Restaurant Review: Nicholas Elmi’s Laurel

With Laurel, Nicholas Elmi slips the chains that have bound him and goes his own way.

Grilled maitake Nick Elmi's Laurel Restuarant

Laurel’s Grilled maitake. Photography by Jason Varney

Twelve years is a long sentence for someone who hasn’t committed a crime, even if you get to serve it in some swanky cells. Ask Nicholas Elmi. The onetime apprentice at Manhattan’s Daniel and Lutèce rose to become Georges Perrier’s right hand at Le Bec-Fin, then glided into the blue-blooded precincts of the Philadelphia Art Alliance as head chef at Rittenhouse Tavern. But in 2013, at long last, the golden handcuffs came off.

His coming-out party began on national television, where he competed on Season 11 of Bravo’s Top Chef. But that’s beside the point—not just for this cable-shunning critic, but for any food lover within taxi distance of East Passyunk Avenue. Because it’s there, in a 10-by-15-and-a-half-foot kitchen barely big enough to afford him the company of a single sous-chef and a culinary student, that Elmi is finally doing things his way. And what a way that is.

After a career spent “cooking other people’s food” and then chafing against his corporate leash at Rittenhouse Tavern, Elmi opened Laurel as a co-owner in November. Two weeks later, he cooked my favorite BYO meal of the year. Three weeks after that, my favorite meal anywhere. From the thimble-sized snowballs of frozen horseradish that bedazzled cubes of poached tuna to the tongue-tingling windfall of pink peppercorns clinging to a marbled foie gras terrine shot through with brown veins of cocoa, his plates took my table by storm.

A very specific storm, in fact. By more than just plain coincidence, my memories of Laurel are filed right next to those of the minor blizzard that produced the most thrilling Eagles victory of the season soon after my second meal there. Like Laurel (which doesn’t have a publicist), that snowsquall struck virtually without warning, unshackled the players from their micromanaged game plans, and sparked the contagious joy of backyard epics waged purely for the love of the game.

Quarterback keeper, flea-flicker, blind heave into the end zone: There was an element of sandlot play-calling to Elmi’s menu, which flitted from kombu-cured fluke to upscale pho to ricotta gnocchi within a few lines. The eclecticism is well suited to Laurel’s leisurely four-course format. It helps that Elmi has cut the seating in this tight space, which used to house Fond, from about 34 to 22. Aside from the gifts of elbow room and a semblance of privacy—rare commodities in the BYO realm—this ensures that the chef can concentrate on every dish, and every customer.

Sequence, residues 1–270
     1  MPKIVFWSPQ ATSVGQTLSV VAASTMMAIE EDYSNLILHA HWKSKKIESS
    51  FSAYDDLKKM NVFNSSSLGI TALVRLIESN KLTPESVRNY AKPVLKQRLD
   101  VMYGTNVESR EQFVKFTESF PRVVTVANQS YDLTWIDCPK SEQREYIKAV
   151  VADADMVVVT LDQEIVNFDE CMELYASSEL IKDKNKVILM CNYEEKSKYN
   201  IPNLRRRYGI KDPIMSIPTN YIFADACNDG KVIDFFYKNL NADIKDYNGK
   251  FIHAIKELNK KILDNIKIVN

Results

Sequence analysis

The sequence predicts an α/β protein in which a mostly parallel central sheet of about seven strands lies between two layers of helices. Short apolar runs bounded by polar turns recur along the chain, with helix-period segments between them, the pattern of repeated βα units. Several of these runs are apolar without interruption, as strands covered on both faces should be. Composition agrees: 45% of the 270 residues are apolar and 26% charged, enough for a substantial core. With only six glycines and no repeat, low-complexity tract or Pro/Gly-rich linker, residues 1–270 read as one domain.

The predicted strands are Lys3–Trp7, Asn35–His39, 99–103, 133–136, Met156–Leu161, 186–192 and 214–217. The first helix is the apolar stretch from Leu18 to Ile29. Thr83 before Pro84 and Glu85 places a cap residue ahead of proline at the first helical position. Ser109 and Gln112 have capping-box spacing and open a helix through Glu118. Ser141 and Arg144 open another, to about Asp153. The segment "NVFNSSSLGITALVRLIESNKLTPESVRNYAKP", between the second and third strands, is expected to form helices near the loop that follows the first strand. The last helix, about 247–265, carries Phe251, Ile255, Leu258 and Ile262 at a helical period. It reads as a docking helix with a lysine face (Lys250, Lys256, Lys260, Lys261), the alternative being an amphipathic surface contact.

“I get to come out to each table,” he says. “Which is easy to do when you’ve only got 10.”

The dividends of that focus were evident in how much better a couple of already terrific dishes got between my visits. Take the fluke, which has never been my favorite crudo fish. Elmi’s kombu curing process, which tacks on a day of air-drying, imparted a velvety texture that felt luxuriant against tangy yogurt and juicy slices of Asian pear. I was momentarily sad to see the fluke give way to albacore tuna—but enthralled by the exchange of grated horseradish for an iced version cut with sour cream and crème fraîche, whose quick-fading tingle made each bite bloom and then mellow.

Or how about the wine-poached quince that was the standout in a chef-ly dessert lineup that pulled off the tough trick of being both unusual and unreservedly delicious at the same time? When I came back, the meringue shards and chicory powder that had given that sweet treat crunch and contrast were now being applied to a cool lemon curd—along with translucent slices of Buddha’s hand, as thin as contact lenses, that had been steeped in a homemade liqueur crafted from that exotic citrus’s rind.

That labor-intensive detail exemplifies Elmi’s cooking here. (So does the alcohol, since Laurel has a thing for homemade hooch, with digestives like black walnut liqueur and “bergamotcello” flowing for friends.) The dish I least wanted to order—pork with acorn squash and
chanterelles—turned out to feature loin and belly and the best “sausage” I’ve ever had: pulled pork shoulder perked up with sherry vinegar, set on brioche, and wrapped in caul fat that, when pan-fried, transformed the bread into the Platonic ideal of crispiness. And the accompanying pumpkin seed vinaigrette revealed itself as a rustic cousin of marmalade, sharpened by the trace bitterness of oranges blanched 10 times.

Yet never did this finely wrought food feel fussy. Some chefs put so much intellectual effort into a dish that the plate resembles a notebook crammed with all the scratch notes that preceded it. Elmi doesn’t show all his work, only the elegant answers.

They came one after another, by turns deceptively simple and slyly suggestive. A sheepshead fillet popping with deep-fried spirals of black quinoa. Ricotta gnocchi, skinny as snipped shoestrings, that dissolved on the tongue amid the crackle of pancetta lardons and sourdough croutons. Lemongrass steam rising around grilled maitakes and roasted hazelnuts in a pho-spiced chicken broth, like a Vietnamese memory trapped in an Oregon rain forest.

Nicholas Elmi, to the contrary, has set himself free